Timothy's Blog

Timothy's blog on dulcimers, music, nature and life!
AUG
22

Coming up with musical fill-in parts in an arrangement or improv

Coming up with musical fill-in parts in an arrangement or improv

When a musician is putting together a typical arrangement it’s good for him to 1) make sure he has a solid rhythmic pattern going, and he needs 2) a good chord structure moving along within that rhythm, and of course he needs 3) a straightforward melody.  If they’re handled with taste and skill, this group of factors combine for a fine rendition of the piece.

However, there are often long notes at key points in the melody’s progress, and players like me crave an extra voice “singing along” during those long notes (and perhaps elsewhere as well) to add interest and color.  I’ve found that there are a lot of ways to work with that, and I’m always working on these creative “fill parts,” so I thought I’d jot down a collection of ideas to consider if you want to.  Here they are!

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AUG
10

Playing without a plan can be great

Playing without a plan can be great

Are you a musician who is tied to the page?  Do you need to have notes printed in front of you in order to play?  Or do you have to depend on a carefully rehearsed repertoire?  Do you require a chord chart so you know the right harmonic structure?  Or are distinct melodies your only option when you play?

Here's an example of how totally 'out of the blue' playing can be beneficial:

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23413 Hits
JUN
13

Phrasing for drama and meaning

Phrasing for drama and meaning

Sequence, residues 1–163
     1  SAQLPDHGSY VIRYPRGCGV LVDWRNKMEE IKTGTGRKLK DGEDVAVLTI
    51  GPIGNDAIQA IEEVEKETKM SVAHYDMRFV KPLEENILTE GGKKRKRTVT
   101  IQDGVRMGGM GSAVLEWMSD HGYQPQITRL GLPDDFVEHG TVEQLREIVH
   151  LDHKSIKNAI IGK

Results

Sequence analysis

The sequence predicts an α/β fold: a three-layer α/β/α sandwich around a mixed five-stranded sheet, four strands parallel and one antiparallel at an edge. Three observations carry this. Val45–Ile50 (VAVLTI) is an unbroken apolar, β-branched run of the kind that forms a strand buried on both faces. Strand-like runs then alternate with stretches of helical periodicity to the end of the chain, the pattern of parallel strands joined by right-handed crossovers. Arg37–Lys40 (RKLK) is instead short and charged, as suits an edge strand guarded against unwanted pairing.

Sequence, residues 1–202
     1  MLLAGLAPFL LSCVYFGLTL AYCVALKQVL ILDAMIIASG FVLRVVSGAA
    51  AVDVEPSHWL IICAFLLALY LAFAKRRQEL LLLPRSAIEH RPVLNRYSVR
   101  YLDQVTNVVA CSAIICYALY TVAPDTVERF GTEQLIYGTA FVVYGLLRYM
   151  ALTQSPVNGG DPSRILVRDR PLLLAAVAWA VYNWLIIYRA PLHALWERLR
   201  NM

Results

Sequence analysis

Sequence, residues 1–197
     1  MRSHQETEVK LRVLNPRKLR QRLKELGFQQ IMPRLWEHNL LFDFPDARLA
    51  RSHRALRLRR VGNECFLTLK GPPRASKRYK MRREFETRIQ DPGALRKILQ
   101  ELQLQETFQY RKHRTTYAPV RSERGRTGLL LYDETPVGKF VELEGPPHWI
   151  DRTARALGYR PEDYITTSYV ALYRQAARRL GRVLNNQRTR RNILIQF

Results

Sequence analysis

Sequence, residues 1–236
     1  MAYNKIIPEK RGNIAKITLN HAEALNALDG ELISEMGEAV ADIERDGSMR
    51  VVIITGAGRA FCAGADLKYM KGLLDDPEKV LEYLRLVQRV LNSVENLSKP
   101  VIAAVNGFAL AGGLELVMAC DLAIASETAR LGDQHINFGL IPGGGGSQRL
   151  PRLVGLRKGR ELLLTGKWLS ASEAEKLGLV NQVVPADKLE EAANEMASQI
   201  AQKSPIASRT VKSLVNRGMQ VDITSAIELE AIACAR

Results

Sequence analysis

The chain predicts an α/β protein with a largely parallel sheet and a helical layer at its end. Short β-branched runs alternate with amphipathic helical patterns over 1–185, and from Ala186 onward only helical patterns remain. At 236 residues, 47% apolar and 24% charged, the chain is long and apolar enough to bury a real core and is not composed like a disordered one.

[By the way, in the photo I'm playing my tune "Big Meadows Twilight" in the twilight at Big Meadows, Shenandoah National Park in 2000 --- photo by our daughter Karen.]

There are many approaches a musician can take toward a melody and arrangement:  Perhaps your choice today is choosing a genre to play it in, for example doing a reel as Old-Time vs. Bluegrass vs. Celtic; or perhaps you need to decide whether you’re playing toward an audience, or playing as if closed into your own little world and the audience just gets to listen in; or perhaps you need to figure out if you just want to play a beautiful tune as beautifully as you can, or if you want to communicate some additional meaning through it.  These and many other decisions come into play as we face the performance of a particular piece of music.

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113721 Hits
APR
23

Lessons learned from Herb Alpert and the Tijuana Brass!

Lessons learned from Herb Alpert and the Tijuana Brass!

In 2011, when I was considering tunes for the Civil War album Tenting on the Old Camp Ground, I thought of the spiritual “Wade in the Water” (and ended up doing it in a lively duet form with Bill Gurley, in an arrangement Bill originated).  I remembered that I’d first heard the marvelous melody on a record by the Tijuana Brass in the 1960s --- so I went looking for the track and ended up re-collecting in digital form all of their albums!  I began to realize that these, and especially the two records I owned at that time, What Now My Love and The Brass Are Coming, had had a profound influence on my musical sense and styling ever since.  I play different instruments and genres than Herbie and his group of first-rate session men, but the approach I use to production, arranging, and playing is definitely similar!

To convince myself that I wasn’t  just imagining this influence, and to perhaps share the ideas with others, I started a brainstorming list --- and it quickly became a large set of both general concepts and specific applications.

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APR
19

The scale, the melody, the chords, and time!

The scale, the melody, the chords, and time!

Often people think of music design as a mysterious, arcane art that can only be done by gifted geniuses who just have a special knack --- or, alternatively, that new music (improvisation or composition) can be made only by highly trained technical experts.  Not really!  There are only a few basic concepts that make it all come together, and here's what I've seen as a lifelong improviser:

1) Everything in normal "tonal" music is built out of a diatonic (do-re-mi) scale: seven scale steps in an octave, and nothing more.  In elementary school music or elsewhere I hope you've gotten the chance to hear that that scale is a "whole step, whole step, half step, whole step, whole step, whole step, half step," easily seen in the key of C on the piano.

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